Tori Amos, Unrepentant Geraldines
It took Christmas carols, 400-year-old classical music themes and a lovestruck “light princess” for Tori Amos to recapture her burned-out muse. The fire, though, is back with Unrepentant Geraldines, the piano banshee’s first contemporary release since 2009. It was clear then, with the middling Abnormally Attracted to Sin, that Amos was wringing out a dry towel; the peculiarities abided, but the music was some of the most uninspired babble of Amos’ career. Apparently, if you wanna jumpstart your career, you study Schubert. Amos is reinvigorated on Unrepentant Geraldines, a compelling return to the back-to-basics sound of her ‘90s zenith. Though “16 Shades of Blue,” which tackles ageism, is a wonky tech-flecked, laser-beaming ballad delivered on a synth bed, and the gorgeous guitar earthiness of “America” could have been an outtake from Scarlet’s Walk, Amos lets the Bösendorfer take center stage. She’s weak in love on “Wild Way,” a starry-eyed beauty, and “Invisible Boy,” also piano-led, is tender, endearing and nostalgic. “Boy” is an obvious standout, a song that wouldn’t have sounded out of place on any of Tori’s earliest works. Then there’s “Promise,” an inspiring conversation with Amos’ daughter that sweetly embodies the lifelong bond between mother and child. If classical music and holiday carols inspire this kind of work, Tori, get that Christmas playlist going right now.
Neon Trees, Pop Psychology
Musicians can be funny about their sexuality defining their music, but on Neon Trees’ latest, the gayness of frontman Tyler Glenn – now out, now proud – is embedded into every technicolor beat of the band’s cool synth-pop. Coming of age and shamelessly sex-focused, Pop Psychology, the Mormon band’s third release, is practically a rite of passage. Because though it’s a nonstop rush of New Wave, the first album since Glenn’s coming out goes deeper than its superficial shell – a shell that’s radio accessible but also just a monotonous drone of instantly gratifying beats muddled into one big blur. Uniform to a fault, the disc is front-loaded with a tiring parade of disposable bubblegum party pop: “Love in the 21st Century,” a sly observation on modern-day yearning; the first single, “Sleeping with a Friend”; and “I Love You (But I Hate Your Friends),” where Glenn celebrates “your blatant sexuality.” As a reflection of contemporary relationships and sexual exploration, and writing-wise, Pop Psychology is an engrossing project, making the album all the more frustrating. During the back half, there’s promise in a duet with his bandmate, Elaine Bradley, on “Unavoidable,” and with a synth loop reminiscent of Alphaville’s “Forever Young” on “Voices in the Hall.” The rest should be as solid, but it’s just not. Instead, Neon Trees’ latest leaves you with a bunch of coulda-beens.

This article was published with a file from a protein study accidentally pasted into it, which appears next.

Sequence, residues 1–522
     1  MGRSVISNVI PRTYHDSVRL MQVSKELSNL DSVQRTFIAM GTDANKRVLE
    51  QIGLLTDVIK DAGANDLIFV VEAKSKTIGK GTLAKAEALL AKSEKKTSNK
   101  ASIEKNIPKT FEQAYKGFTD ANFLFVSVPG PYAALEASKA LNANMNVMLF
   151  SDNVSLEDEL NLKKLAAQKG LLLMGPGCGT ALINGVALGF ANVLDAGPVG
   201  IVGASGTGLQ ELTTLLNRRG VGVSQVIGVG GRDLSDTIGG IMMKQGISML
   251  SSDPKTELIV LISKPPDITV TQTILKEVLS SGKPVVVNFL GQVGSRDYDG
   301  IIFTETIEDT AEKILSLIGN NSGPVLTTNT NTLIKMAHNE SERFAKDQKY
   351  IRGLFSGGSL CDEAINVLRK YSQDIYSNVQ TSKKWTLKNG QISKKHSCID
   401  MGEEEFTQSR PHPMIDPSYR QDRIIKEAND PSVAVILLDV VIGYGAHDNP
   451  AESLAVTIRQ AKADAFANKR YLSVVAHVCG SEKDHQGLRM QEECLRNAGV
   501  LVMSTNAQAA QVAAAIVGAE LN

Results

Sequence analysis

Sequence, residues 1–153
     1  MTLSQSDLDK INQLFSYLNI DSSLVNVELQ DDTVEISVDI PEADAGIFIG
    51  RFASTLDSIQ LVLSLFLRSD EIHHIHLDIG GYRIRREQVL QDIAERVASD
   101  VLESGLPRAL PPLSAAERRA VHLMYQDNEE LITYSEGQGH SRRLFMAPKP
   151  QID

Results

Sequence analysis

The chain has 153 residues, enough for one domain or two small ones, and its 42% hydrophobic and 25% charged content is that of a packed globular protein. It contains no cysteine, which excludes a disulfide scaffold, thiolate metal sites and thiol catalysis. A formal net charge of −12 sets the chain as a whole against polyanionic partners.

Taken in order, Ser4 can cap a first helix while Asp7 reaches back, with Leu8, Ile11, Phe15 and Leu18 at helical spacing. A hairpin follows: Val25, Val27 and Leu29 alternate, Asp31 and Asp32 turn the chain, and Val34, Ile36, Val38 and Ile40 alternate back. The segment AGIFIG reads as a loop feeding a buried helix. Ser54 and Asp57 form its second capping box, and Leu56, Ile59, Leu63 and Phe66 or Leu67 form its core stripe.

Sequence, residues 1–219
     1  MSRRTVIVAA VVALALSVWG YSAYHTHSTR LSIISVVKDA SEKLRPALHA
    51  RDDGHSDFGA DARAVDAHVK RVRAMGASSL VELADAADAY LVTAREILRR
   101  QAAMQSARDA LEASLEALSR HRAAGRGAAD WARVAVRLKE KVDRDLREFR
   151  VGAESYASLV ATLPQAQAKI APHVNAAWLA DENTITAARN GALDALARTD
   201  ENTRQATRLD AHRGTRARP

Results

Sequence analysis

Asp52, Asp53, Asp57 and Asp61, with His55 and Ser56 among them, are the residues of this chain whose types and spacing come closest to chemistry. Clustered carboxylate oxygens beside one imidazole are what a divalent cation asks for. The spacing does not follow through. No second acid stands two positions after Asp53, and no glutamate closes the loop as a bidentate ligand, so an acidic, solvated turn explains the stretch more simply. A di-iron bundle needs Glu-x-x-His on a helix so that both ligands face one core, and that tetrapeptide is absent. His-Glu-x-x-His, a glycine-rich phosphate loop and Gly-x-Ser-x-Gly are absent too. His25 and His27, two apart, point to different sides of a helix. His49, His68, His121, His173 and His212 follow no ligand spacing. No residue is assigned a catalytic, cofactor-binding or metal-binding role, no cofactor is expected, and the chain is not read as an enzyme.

Augustana, Life Imitating Life
Augustana has come a long way from “Boston,” the song that put the San Diego band on the map and is easily their most well-known. Since its release in 2005, though, those romanticized rhythms have more in common with Bruce Springsteen than Coldplay … and the band members? Except for bearded frontman Dan Layus, they’ve all bailed. Still, committing to the soulful heartland sound of its underappreciated predecessor, Life Imitating Life is another earnest outing, and “Remember Me,” a sincerely moving coda, is its swan song.
Neneh Cherry, Blank Project
Had time been at a stand-still, Neneh Cherry could’ve slipped this one by without anyone questioning the 18 years that have passed in the interim. It’s been that long since Cherry released Man, but you’d never know it by the ingenuity and tangibility of her experimental comeback Blank Project. And it’s more than that, even: The greatest asset here is Cherry’s disarming honesty, a quality that makes liberating fodder out of “Weightless” and “Out of the Black,” featuring someone who knows a little something about dancing on your own: fellow Swede Robyn.
Chris Azzopardi is the editor of Q Syndicate, the international LGBT wire service. Reach him via his website at www.chris-azzopardi.com.